“You can’t change the past but, with understanding, you can sometimes draw the poison out of it.”~Carlo Gebler
It never crossed my mind there could be a difference between knowing and understanding something. Now that I understand that, the depression is lifting, the light seems brighter, brain fog is clearing; yes, there is a difference between knowing and understanding.
I spent 50 years knowing I had been abused sexually, emotionally, and physically as a child, and then, too, as an adult. I ruminated on the details, the perpetrators, the scenes, and the dialogue–data stored permanently in my mind. That’s what knowledge is.
So, one wonders, or at least I did, if I know all these things, no repressed memories to unearth, then why can’t I move on? I’ve confronted some offenders via letters and phone calls, and I even wrote a memoir. Certainly, those things should empower me, lessen or eliminate the symptoms (i.e., low self-esteem, anxiety, depression, PTSD) that a victim of childhood abuse and sexual assault endure.
So how does understanding differ from knowing? Knowing is processed in the mind–that place where all the data is stored to ruminate on. Understanding takes longer to process, and it occurs in the brain. It not only needs all that “knowing” data gathered from personal experiences and education, but it needs your interest to break down, conceptualize, and analyze what you know.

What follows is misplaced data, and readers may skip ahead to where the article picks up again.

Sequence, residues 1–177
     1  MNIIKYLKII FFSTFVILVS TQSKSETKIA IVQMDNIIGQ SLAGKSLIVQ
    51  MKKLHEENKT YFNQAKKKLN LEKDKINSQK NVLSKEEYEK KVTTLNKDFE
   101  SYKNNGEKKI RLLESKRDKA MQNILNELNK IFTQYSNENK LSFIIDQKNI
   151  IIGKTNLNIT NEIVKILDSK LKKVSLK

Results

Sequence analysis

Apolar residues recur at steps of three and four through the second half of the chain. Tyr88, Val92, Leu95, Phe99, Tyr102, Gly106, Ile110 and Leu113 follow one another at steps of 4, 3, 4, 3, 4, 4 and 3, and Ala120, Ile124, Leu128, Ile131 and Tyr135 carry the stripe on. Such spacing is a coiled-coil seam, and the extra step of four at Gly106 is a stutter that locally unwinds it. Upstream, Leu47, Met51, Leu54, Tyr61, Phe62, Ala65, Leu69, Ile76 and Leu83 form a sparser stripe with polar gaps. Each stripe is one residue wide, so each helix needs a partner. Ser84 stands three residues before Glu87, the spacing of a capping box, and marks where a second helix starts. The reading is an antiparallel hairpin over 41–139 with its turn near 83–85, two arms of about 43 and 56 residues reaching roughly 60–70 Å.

In writing my memoir, like so many memoirists, I tried to make sense of my experiences and to understand them. I don’t think many of us come out the other side “healed” or feeling dramatically different (other than it’s enormously helpful to find out we aren’t alone in our experiences). I believed that writing what I know would bring understanding. I was wrong. I needed to reach much deeper, beyond the who, what when and where, and focus on what I didn’t care about when I wrote or ruminated: the Why. Why did these people commit a heinous crime against a child?
Understanding doesn’t mean to condone or forgive. It means drawing some of the poison out of the pain. The light just might shine a little brighter.
Mill dust covers the worn leather boots
At the base of the curtain
That is my bedroom door.
Lying in my metal-frame bed
I see the ghostly outline
Of my stepfather
Through its worn, flowered fabric.
It is not my imagination—
The stench of whiskey and stale tobacco
Tells me his presence is real.
He watches me
Through the long, narrow space
Between the curtain and wall
And I watch him
Through slits Of my partially closed eyes…
© 2016 mandy smith
(excerpt from memoir)